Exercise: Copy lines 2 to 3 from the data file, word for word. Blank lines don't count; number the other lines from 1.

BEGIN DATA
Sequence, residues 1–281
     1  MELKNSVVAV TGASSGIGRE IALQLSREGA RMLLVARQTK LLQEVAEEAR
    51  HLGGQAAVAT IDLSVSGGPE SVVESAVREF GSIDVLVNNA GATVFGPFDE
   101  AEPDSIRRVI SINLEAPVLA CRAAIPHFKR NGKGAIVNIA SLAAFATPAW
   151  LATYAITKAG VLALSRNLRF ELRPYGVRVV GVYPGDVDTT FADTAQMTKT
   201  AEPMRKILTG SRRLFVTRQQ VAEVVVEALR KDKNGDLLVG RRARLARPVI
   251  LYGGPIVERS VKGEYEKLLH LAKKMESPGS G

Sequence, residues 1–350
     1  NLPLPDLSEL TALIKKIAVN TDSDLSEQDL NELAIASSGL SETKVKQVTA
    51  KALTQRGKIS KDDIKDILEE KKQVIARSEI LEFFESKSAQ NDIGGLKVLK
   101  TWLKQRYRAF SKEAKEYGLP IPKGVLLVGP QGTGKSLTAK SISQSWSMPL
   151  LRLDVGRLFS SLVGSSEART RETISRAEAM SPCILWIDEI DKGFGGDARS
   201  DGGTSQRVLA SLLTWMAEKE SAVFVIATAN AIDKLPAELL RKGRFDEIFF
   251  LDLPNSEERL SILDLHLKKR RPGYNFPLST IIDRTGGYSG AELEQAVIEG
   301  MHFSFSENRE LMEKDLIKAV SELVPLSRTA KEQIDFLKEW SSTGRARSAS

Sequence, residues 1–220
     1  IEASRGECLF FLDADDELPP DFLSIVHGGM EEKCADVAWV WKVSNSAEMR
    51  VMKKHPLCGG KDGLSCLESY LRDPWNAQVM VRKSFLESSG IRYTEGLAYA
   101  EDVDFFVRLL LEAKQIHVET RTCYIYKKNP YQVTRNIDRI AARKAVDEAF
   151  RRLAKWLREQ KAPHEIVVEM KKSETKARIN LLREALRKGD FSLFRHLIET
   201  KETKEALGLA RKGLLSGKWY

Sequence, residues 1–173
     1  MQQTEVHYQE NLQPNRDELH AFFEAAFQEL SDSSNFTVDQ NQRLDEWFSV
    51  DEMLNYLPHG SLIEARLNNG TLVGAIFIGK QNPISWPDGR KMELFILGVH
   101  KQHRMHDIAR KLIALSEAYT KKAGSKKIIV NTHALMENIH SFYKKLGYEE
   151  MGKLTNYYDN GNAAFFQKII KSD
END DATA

     1  MELKNSVVAV TGASSGIGRE IALQLSREGA RMLLVARQTK LLQEVAEEAR
    51  HLGGQAAVAT IDLSVSGGPE SVVESAVREF GSIDVLVNNA GATVFGPFDE